When Roger Federer won the first of his 20 Grand Slam titles, at Wimbledon 2003, a boy yet to turn five had already been holding a racquet for nearly two years in Greece.
Eight years later, Federer had won 16 majors, and the Greek was now a teen well into his bid to become a professional tennis player. He exuded confidence, already.
Less than eight further years on, the boy turned man on a cool Sunday evening at the iconic Rod Laver Arena – Stefanos Tsitsipas, now 20 and ranked in the world’s top-15, had taken down Federer, inflicting upon the Swiss maestro only his second exit before the quarter-finals of the Australian Open since 2004.
If you hadn’t yet marked the star, you knew it now: a star has settled on the tennis horizon.
Tsitsipas: The Story So Far
For someone who was ranked world number one in junior tennis, Tsitsipas’ rise up the charts didn’t match the eyeball- and eardrum-catching levels as some of his peers.
Having started off at ITF Futures events in Greece in 2013, shortly after turning 15, he waited until 2015 to feature in junior Grand Slam tournaments – and couldn’t go beyond the quarter-finals at any of the four events that year.
Two more years would pass before Tsitsipas would emerge on the senior tour, but by the end of 2017 he had broken into the top-100, while also claiming his first win against a top-10 ranked player by getting past David Goffin en route a maiden ATP semi-final at the European Open in Belgium.
2018, however, would be the year he broke through – with one golden week in Canada, at the beginning of August, highlighting just what potential he held.
At the Toronto Masters, Tsitsipas would become the youngest man ever to defeat four top-10 ranked players in the same tournament – his scalps reading Dominic Thiem, Novak Djokovic, Alexander Zverev and Kevin Anderson – before going down to Rafael Nadal in the final.
It wasn’t his first foray into a big-ticket final, not even his first attempt at standing up to Nadal; earlier in the season, on his lesser-preferred surface (clay), Tsitsipas had tried to front up to the King of Clay in the summit clash at Barcelona (losing 2-6, 1-6).
A Record-Smasher, Already
Still six months shy of 21, Tsitsipas is already a proud beholder of several records, even if a majority of them could be attributed to Greece’s general inability to produce top-level stars in the sport.
Spin it the other way, and you could point to a story of rising from the abyss.
- Youngest entrant into ATP’s #NextGen (October 2016, aged 18 years and two months)
- First Greek player to break into the top-100 (first entry: October 2017)
- First Greek player to reach the round of 16 at a Grand Slam (Wimbledon 2018)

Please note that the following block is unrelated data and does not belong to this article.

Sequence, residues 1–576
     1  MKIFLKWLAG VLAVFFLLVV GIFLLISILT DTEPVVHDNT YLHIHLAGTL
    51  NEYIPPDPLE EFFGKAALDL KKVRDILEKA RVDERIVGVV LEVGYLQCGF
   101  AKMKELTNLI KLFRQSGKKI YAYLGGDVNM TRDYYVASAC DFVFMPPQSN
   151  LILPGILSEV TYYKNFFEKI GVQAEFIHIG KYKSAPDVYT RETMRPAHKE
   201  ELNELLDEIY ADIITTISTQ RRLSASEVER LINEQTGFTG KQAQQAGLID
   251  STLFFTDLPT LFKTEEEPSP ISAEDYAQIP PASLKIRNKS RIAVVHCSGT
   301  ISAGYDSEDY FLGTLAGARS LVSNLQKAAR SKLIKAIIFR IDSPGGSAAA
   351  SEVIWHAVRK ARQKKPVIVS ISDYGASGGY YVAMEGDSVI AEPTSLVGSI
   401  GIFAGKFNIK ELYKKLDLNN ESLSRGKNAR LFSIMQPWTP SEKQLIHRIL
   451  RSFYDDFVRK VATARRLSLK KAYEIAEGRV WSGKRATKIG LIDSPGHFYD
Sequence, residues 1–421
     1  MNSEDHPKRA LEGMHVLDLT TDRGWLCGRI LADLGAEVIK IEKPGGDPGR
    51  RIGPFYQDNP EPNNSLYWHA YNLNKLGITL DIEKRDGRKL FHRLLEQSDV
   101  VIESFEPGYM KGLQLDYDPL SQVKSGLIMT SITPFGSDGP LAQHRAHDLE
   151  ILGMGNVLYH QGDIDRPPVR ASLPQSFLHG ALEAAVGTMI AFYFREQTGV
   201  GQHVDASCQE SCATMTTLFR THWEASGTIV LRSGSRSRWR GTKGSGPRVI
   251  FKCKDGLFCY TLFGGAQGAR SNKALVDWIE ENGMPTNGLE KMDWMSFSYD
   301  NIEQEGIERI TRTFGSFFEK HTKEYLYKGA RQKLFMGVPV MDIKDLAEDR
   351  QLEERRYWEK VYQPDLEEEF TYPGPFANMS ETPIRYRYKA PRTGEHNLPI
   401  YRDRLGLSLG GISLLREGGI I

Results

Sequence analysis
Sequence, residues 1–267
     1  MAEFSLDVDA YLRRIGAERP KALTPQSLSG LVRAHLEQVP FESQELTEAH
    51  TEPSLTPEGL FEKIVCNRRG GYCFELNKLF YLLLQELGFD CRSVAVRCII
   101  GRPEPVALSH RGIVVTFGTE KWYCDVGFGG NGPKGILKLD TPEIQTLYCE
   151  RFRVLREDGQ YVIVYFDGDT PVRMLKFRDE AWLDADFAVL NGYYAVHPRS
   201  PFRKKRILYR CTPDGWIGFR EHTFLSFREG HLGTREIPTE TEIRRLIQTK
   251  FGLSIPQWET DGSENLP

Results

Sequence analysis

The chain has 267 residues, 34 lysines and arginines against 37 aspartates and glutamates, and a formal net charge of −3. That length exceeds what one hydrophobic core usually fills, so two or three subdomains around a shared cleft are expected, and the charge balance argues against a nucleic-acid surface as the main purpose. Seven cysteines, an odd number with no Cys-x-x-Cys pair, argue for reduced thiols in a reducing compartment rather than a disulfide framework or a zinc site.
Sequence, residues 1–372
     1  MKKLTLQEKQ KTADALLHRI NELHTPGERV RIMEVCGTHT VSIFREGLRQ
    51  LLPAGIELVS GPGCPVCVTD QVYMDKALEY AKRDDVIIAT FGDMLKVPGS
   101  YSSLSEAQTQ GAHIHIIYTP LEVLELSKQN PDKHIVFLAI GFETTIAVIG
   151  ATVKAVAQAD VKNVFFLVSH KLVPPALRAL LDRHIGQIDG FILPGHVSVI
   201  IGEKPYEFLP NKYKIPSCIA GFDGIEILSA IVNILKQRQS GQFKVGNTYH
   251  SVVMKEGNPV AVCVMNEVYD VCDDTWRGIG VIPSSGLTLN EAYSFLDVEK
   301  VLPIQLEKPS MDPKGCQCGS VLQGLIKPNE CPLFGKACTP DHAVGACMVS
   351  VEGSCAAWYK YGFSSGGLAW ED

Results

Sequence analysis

- Youngest-ever to defeat four top-10 players at the same event (Toronto 2018)
- First Greek player to win an ATP World Tour title (Stockholm 2018)
Vlogging, and a Rich Family History
Even before his Federer-snapping exploits at Melbourne Park, Tsitsipas was a familiar figure to anyone frequenting ATP’s social media handles.
A self-confessed serial vlogger, the Greek has been making the most of his time travelling across the world playing tennis, and is a constant presence on the ATP social pages. Tsitsipas even produces his own podcast called ‘A Greek Abroad’.
Tennis, and sport at large, can be attributed to the genes in the 20-year-old’s case.
His mother, Julia Salnikova, was a top Soviet player in the 1980s, and is a now a professional coach. Stefanos’ father, Apostolos, is his own coach. His sister Elisavet, and brothers Petros and Pavlos, all play tennis.
Sporting success in the family, though, began much earlier: grandfather Sergei Salnikov was part of Soviet Union’s gold medal-winning football team at the 1956 Melbourne Olympics.
Learnings From Recent Giant-Slayers
Tsitsipas’ own track record from the last year, and his world number 15 status, means this cannot be termed a flash-in-the-pan moment.
You don’t get to be among the best players in a global sport on the back of overnight success; getting past four of the best in the same sport in the same week isn’t a regular occurrence either.
But the Greek will do well to ward off the troughs of other giant-killers at the Slams from the recent past.
Remember Robin Soderling? Or Denis Istomin? Or Sergei Stakhovsky?
Soderling, in 2009, became the first man to get the better of Nadal at Roland Garros – thereby paving the way for Federer to complete his ‘Grand Slam’ as he captured that elusive French Open title. The Swede, then seeded 23rd, would make two back-to-back finals in Paris, and even finish 2010 ranked fourth in the world. But mononucleosis, or glandular fever, would curb his career short; Soderling never played competitive tennis post 2011.
Istomin is a more recent big-gun slayer. At the Australian Open 2017, ranked 117th in the world, the Uzbek dumped Djokovic – he who had won five of the previous six titles at Melbourne Park – in the second round. In eight major appearances ever since, he has failed to last beyond the second round, and is still ranked outside the top-100.
Stakhovsky, arguably, is the most flash-in-the-pan of the lot. In 2013, he embarrassed Federer in the second round at his fiefdom – that summer at Wimbledon, which ended a round later, remains the longest the Ukrainian has lasted at a major. The highest crest his rankings reached in the years since was the late-40s in 2015; today he finds himself dwindling in the 130s.
It’s a long road ahead for the Greek wonderkid, beginning with his maiden Grand Slam quarter-final on Tuesday, 22 January.